The Preacher as Last Comic Standing?
by Dr. Alyce McKenzie on Wednesday, April 11, 2018
Preachers hear lots of feedback after they preach.
“You could be a hypnotist; you have such a soothing voice.” (Is this really a good thing?)
“I like your new robe.” (If you can’t say anything good about the sermon, mention the robe)
“I couldn’t hear a word you said” (This is why we should have had the sound system replaced and not just “repaired” by a church member’s uncle’s son-in- law)
Another comment often heard by preachers is “You could be a stand-up comedian.”
What is the appropriate response to such a comment?
“Thank you, I think.” (Sounds insulting to the compliment giver)
“Not if my family wants to continue eating on a regular basis,” sounds like false modesty (or maybe just realism)
“Thanks be to God!” sounds blasphemous.
I am a fan of the show Last Comic Standing. I wouldn’t stand up in a pulpit and recommend to parents that they have their children watch it, because it is, of course, often profane and vulgar. But for me, stand- up comedy is a fascinating genre – both because of its delivery and its content. Preachers can learn some positive lessons, as well as some cautionary tales, from stand- up comedians.
Ways Preaching and Stand-up Comedy are Alike
Both involve a strong sense of vocation willing to ignore sensible advice from others that maybe something else would be a more prudent pursuit (more lucrative, less stressful, etc.) We’re familiar with what people give up to pursue a preaching ministry. We may not be as familiar with the jobs, time and normal lives people give up to pursue the vocation of comedy.
Both preaching and stand-up comedy involve the reality of careful preparation and the appearance of spontaneity.
A comedian who forgets her next joke and pulls her I phone or (God forbid, an index card) out of her pocket to look it up is dead on the stage. It’s not so bad when you’re a preacher. You can consult the old school index card stuck in your Bible and continue your train of thought without the whole room getting off at the next stop. But for both comedians and preachers, it takes a tremendous amount of work to make one’s delivery look effortless.
This is why, when I’m the guest preacher for a week and preach every morning at 8:30 am, I can’t stay out till midnight eating pie (though, believe me, I would love to) or meet a conference attendee for an early breakfast. I’m internalizing my message and need alone time. Content is not enough. Delivery is integral to the message. Careful preparation maximizes the artist’s ability to connect with those to whom she or he is speaking.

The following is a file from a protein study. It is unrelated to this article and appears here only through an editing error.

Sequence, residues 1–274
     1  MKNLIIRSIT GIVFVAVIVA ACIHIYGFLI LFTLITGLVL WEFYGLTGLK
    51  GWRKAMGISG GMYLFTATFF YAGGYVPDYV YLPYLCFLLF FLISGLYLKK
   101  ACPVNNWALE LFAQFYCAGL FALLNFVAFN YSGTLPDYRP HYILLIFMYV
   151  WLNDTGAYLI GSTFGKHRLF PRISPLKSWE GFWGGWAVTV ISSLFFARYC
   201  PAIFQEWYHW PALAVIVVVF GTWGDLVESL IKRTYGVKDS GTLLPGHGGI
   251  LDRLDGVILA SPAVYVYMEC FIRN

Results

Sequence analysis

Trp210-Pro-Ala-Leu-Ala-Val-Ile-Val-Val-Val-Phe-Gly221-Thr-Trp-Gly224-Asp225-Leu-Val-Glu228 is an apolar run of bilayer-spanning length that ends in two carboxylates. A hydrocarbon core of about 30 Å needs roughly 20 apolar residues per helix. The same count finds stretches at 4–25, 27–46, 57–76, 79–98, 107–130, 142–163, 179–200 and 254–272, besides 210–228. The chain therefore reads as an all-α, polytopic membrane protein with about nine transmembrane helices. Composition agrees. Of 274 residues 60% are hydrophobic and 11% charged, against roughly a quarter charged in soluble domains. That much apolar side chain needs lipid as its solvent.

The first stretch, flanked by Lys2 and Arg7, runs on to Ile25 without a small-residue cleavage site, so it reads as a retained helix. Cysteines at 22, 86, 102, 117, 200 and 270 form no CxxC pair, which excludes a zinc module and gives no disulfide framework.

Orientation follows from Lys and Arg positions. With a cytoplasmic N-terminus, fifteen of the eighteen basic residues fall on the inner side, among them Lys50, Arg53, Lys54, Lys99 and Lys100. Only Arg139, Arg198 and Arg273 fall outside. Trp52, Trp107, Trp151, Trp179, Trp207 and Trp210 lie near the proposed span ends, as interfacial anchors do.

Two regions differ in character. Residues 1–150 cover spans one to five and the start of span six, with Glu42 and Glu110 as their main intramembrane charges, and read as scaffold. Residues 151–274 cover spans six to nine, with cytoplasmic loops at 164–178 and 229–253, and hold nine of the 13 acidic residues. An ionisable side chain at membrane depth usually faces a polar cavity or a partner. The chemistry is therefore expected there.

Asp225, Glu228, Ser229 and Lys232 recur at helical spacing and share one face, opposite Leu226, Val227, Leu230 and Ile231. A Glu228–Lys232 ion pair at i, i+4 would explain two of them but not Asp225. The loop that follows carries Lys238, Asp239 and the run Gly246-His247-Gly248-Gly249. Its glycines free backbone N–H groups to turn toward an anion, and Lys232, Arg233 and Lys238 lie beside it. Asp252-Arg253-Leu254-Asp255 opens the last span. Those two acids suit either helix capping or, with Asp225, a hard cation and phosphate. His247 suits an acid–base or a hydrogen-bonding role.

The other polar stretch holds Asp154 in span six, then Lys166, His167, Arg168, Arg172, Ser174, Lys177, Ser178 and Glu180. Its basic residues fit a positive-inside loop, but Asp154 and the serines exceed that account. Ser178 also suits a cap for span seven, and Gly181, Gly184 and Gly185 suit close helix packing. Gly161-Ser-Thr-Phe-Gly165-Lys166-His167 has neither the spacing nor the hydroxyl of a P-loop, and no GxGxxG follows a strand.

Comedians and preachers both need to manage their insecurities and ego needs, or their addiction to affirmation will assassinate their art.
Both can get that needy light in their eyes like an American Idol contestant waiting to hear from Simon Cowell. It’s the look that says, “My whole life has been a lead- in to your opinion of me and my whole future rests upon your opinion of me. Please, oh, dear God, please, think I’m as wonderful as I’m afraid I’m not.”
Comedians who show their neediness are “trying too hard.” The secret to being funny is, of course, good material that connects with the experience of your particular audience. The deeper secrets are confidence and timing. By confidence, I mean not just the appearance of indifference to whether or not people laugh, but the real indifference to whether or not people laugh. If they don’t laugh, they are comedically challenged. You’re not. You continue to love them, but with a tinge of pity. Under no circumstances do you doubt the essential ridiculousness of life, of which their not laughing at your carefully crafted remark is just another example. Under no circumstances do you doubt your role as the reliable purveyor of the gift of comedy to them. Hold your head high as your witticism hangs like expelled gas in the air of the sanctuary. The comedian who stands on the stage with the needy glint in his eye is on the verge of a slow and painful death in front of others. The preacher who preaches with that needy glint in her eyes, heads to the back, ostensibly to shake hands and greet worshipers, but actually to beg for biscuits like a pathetic little dog.
In both comedy and preaching, humor is a gift that potentially has healing properties. In the case of preaching there is heightened danger that it could also have hurtful properties.
Both preaching and stand-up comedy rely on what I call the “knack for noticing,” the habit of close attention to inward life and life around us. In stand- up comedy, the comedian derives her material from being on the lookout for the absurd and the ridiculous in life within and around her and then hyperbolizing it to the breaking point.
Ways Preaching and Stand-up Comedy are Not (necessarily) Alike